Some Yale friends and I are doing a reading group for Tocqueville’s Democracy in America this summer, and I’m posting a response I sent to our listserv on the chapter, “On Political Association in the United States”:
Let me first say that these chapters of Democracy in America are some of my favorites and really show Tocqueville at his most perceptive and subtle. I want to focus on two chapters—4 and 6—which I think are especially revealing of Tocqueville’s quite radical ideas about democracy. For citations, I will use the page number in the Mansfield/Winthrop translation. Someone really needs to create a standard format for Democracy in America like the Stephanus numbers, and I apologize to people using other translations.
Chapter 4, “On Political Association in the United States,” discusses the right of free assembly. We very often make no distinction in our contemporary political lexicon between freedom of speech and freedom of association, but as Tocqueville notes, the distinction is quite important. Association meant something much closer to “faction” in Tocqueville’s time, and he explores in this chapter similar themes found in Federalist 10 about the dangers of factions and various prophylactics against its risks. He writes, “One does indeed associate with the purposes of speaking, but the thought of acting next preoccupies all mind (italics mine). An association is an army (!!!) ; one speaks in it so as to be counted and to be inspired, and then one marches toward the enemy” (p. 184). Associations form not solely for the purpose of speaking and coordinating a political message, but also to influence and affect political affairs. Tocqueville thinks that this difference makes the freedom of association riskier than freedom of speech—an association he argues is a “government inside the government” (p. 181). While we think of political associations today primarily as lobbies or PACs, associations in Tocqueville’s time were comparatively more powerful and assertive. He was no doubt affected, as he notes, by his experience of the tariff debates of 1831-32 that culminated in the nullification crisis. Tocqueville thinks we should take seriously the factional and potentially subversive danger associations pose to political order. The risk comes from the intersection of political associations with political demagoguery, as he elaborates:
“Between proving that one law is better in itself than another, and proving that one ought to substitute it for the other, it is undoubtedly far. But where the minds of enlightened men still see a great distance, the imagination of the crowd no longer perceives it…. If, near to the directing power, a power comes to be established whose moral authority is almost as great, can one believe that it will long limit itself to speaking without acting?” (p. 182)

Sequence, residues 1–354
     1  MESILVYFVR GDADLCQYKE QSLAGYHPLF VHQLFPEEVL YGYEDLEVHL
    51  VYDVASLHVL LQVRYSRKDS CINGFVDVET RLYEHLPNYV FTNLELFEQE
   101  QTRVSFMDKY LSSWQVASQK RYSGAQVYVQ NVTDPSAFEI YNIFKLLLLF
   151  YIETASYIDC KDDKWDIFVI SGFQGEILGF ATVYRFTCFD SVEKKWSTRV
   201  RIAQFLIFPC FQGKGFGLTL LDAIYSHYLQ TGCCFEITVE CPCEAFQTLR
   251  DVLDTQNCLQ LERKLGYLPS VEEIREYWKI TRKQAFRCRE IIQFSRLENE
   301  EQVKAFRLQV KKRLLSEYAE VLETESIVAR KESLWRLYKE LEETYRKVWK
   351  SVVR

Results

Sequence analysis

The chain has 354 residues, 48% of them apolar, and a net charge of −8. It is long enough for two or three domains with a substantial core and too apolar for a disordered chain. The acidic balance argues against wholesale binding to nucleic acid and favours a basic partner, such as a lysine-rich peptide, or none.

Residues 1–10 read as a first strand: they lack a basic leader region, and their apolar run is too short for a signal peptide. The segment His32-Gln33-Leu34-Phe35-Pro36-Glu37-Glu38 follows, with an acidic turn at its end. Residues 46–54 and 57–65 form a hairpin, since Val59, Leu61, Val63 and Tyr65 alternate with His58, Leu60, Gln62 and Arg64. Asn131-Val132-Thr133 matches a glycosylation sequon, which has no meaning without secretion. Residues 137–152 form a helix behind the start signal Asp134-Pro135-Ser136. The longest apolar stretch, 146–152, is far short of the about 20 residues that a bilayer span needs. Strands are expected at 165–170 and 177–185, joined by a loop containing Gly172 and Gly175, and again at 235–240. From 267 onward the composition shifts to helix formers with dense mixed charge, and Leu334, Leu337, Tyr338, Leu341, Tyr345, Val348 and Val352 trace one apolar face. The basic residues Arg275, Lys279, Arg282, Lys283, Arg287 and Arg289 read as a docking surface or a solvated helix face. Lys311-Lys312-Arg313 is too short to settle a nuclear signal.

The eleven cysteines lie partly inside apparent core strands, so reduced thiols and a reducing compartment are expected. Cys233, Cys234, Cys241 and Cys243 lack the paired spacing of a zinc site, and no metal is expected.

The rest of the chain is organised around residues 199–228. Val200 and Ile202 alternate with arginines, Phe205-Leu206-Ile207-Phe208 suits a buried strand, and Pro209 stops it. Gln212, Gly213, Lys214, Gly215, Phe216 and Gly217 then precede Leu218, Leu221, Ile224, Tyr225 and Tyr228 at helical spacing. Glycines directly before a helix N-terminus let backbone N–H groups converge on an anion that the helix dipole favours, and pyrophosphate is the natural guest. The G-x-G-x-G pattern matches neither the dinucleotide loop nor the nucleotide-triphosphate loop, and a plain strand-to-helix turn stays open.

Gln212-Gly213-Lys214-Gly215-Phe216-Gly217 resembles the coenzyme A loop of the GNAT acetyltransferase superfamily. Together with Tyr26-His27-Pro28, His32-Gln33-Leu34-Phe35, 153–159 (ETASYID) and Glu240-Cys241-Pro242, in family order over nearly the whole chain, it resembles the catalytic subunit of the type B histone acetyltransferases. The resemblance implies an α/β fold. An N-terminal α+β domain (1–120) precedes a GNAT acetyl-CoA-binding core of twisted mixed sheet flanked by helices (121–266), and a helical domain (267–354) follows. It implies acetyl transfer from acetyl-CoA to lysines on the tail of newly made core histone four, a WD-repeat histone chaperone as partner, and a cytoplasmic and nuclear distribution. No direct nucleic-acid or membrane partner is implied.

Tocqueville recognizes, rightly I think, the importance of the speech/act distinction, and also the fact that associations did not confine themselves merely to persuasion and legal means—they employed threats of violence as well. The primacy of persuasion, Tocqueville observes, “is born of experience” only after education tempers the inclination of a party man to use force (p. 185).
However, he countenances the risks of a right to association in the face of an even greater risk from majority rule: “The omnipotence of the majority appears to me such a great peril for the American republics that the dangerous means to limit it seem to me even a good” (p. 183). Freedom of association, particularly under the spoils system in which majorities enjoyed such a small voice in administration, provided an important avenue for dissent against the rule of the majority.
Furthermore, Tocqueville argues that the dangers posed by minority factions are really dangers of people with extreme views who feel they have nothing to lose. These partisans feel they can gain nothing by persuasion and thus resort to force. As he puts the point,
“the exercise of the right of association, therefore, becomes dangerous to the degree to which it is impossible for great parties to become the majority” (p. 185). Tocqueville discusses the difference between “great” and “small” parties in chapter 2, where the former are defined by ideas and the latter by self-interest.
This observation connects to one of Tocqueville’s most interesting claims—that universal suffrage has served to moderate political discourse. Suffrage for all (white men) means fewer disenfranchised men, which undermines the claims of extreme factions to represent the voiceless and the powerless. They lose their “sacred character that attaches to the struggle of the oppressed against the oppressors” (p. 186). This claim is precisely an extension of Madison’s claim in Federalist 10 that the way to manage factions is to “extend the sphere” of governance—create an extended republic where the extreme factions will counterbalance each other. Democracy, Tocqueville writes, prevents the danger of democracy.
It is worth reflecting again on how novel Tocqueville’s claim was. For about 2,000 years, people had argued that, with Plato, that democracy’s weakness lay in its “hidden shallows”—democracies were superficially polished and put-together but ignorant and rotten underneath. In Chapter 4, and elsewhere, Tocqueville is turning that argument on its head—democracy is superficially noisy, shallow, and always on the brink of anarchy, but it has a hidden robustness. In the case of association, the idea of majority rule and the extended sphere serve to disarm the violent and anarchic tendencies of faction. Democracy prevents the danger of democracy. But this strength is hidden from view of the average person and the daily life of a democracy.